"Jive" is a much more recent word, going back only to 1928. It's U.S. slang, "Origin unknown." It means "Talk or conversation; spec. talk that is misleading, untrue, empty, or pretentious; hence, anything false, worthless, or unpleasant; vaguely, ‘stuff’; = jazz n. 2a."
1928   R. Fisher Walls of Jericho 301   Jive, pursuit in love or any device thereof. Usually flattery with intent to win.
It's also "Lively and uninhibited dancing to dance-music or jazz; spec. ‘jitterbugging,'" which is pretty clearly the meaning in the song.
1943   Dancing Times Dec. 117/1   The rhythm of the Jive is not an entirely new one.
1957   C. MacInnes City of Spades i. iv. 24   I'll teach you..bop steps, and jive, and all.
"Ass jive" would be a much more disparaging way to refer to Boehner's remark.

"The Harrad Experiment"/"The Herod Experiment."

That last post, about universal pre-school, led to an in-person conversation with Meade proposing such an extreme change from what we have now that, I said, it would have to be presented in the form of a novel — a utopian/dystopian scenario. People would need to ease into entertaining the idea.  It would have to be like "The Harrad Experiment," which was a novel that was based on a 1960 academic paper written by a couple of married sociologists, "outlining a program designed to achieve sexual sanity."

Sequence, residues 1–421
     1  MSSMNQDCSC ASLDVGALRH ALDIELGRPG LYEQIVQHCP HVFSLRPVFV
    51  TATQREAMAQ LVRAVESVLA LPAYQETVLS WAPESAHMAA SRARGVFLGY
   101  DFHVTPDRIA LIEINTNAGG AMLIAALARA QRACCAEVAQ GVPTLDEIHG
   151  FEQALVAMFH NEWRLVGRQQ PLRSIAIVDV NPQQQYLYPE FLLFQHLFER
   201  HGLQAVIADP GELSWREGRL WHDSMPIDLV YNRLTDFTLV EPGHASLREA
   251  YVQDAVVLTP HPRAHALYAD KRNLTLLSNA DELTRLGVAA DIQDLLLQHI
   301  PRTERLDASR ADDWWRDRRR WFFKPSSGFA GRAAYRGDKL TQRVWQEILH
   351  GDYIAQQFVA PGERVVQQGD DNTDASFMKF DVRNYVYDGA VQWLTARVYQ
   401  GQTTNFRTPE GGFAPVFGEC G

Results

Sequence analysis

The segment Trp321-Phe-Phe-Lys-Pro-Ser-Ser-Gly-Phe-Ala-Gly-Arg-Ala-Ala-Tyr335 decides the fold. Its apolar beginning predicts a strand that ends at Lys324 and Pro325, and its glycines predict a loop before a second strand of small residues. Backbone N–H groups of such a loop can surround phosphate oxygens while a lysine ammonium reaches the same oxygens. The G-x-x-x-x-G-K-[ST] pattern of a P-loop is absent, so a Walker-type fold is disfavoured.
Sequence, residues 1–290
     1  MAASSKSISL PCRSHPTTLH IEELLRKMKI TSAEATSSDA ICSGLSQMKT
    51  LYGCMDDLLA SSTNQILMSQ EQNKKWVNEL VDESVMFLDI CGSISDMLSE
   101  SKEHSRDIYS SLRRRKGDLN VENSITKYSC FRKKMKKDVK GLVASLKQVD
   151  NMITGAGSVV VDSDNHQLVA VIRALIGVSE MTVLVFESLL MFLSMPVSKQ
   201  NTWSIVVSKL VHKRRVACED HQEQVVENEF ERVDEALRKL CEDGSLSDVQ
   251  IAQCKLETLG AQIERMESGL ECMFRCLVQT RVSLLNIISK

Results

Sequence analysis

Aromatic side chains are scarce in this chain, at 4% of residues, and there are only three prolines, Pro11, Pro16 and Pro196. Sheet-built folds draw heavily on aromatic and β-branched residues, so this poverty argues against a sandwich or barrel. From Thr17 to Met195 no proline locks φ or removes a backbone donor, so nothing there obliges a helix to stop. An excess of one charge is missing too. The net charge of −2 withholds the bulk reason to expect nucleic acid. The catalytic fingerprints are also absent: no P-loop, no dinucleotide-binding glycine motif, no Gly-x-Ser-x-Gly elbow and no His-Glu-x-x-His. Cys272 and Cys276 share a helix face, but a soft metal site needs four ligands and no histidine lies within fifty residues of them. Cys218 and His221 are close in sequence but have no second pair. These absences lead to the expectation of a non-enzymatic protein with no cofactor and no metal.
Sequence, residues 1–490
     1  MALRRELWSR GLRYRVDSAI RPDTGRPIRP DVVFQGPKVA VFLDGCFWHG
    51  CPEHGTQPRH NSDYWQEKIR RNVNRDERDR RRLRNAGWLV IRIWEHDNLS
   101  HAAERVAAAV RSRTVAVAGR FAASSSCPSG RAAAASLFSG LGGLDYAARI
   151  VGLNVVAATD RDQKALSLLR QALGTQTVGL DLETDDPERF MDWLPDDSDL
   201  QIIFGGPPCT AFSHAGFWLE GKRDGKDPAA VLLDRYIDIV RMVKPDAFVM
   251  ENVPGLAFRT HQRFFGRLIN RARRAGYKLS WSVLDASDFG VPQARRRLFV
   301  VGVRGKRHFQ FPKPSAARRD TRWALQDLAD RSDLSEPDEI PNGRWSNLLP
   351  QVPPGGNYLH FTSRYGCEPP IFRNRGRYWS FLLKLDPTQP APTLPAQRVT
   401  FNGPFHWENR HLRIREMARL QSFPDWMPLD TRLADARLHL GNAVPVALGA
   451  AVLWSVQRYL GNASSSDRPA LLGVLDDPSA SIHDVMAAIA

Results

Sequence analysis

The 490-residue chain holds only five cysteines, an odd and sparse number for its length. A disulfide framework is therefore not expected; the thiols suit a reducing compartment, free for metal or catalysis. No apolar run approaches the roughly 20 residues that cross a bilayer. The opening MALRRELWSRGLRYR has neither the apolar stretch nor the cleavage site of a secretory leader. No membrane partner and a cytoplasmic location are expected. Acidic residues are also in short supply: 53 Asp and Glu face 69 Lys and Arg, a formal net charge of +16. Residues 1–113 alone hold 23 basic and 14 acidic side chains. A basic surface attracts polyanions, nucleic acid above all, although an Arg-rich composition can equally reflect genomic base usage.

Essentially, our method consisted of teaching a new sexual ethic and moral code by conditioning and indoctrination throughout a four-year period to a select group of male and female college students of unusually sound character and high creative ability. The paper was the result of ten years of work in family and marriage counseling and years spent studying the sexual habits and mores of man throughout recorded history. My wife and I felt that, in order to survive, Western man must take the long step away from primitive emotions of hate and jealousy and learn the meaning of love and loving as a dynamic process. Such a program would counteract the decadence that is slowly infiltrating our society....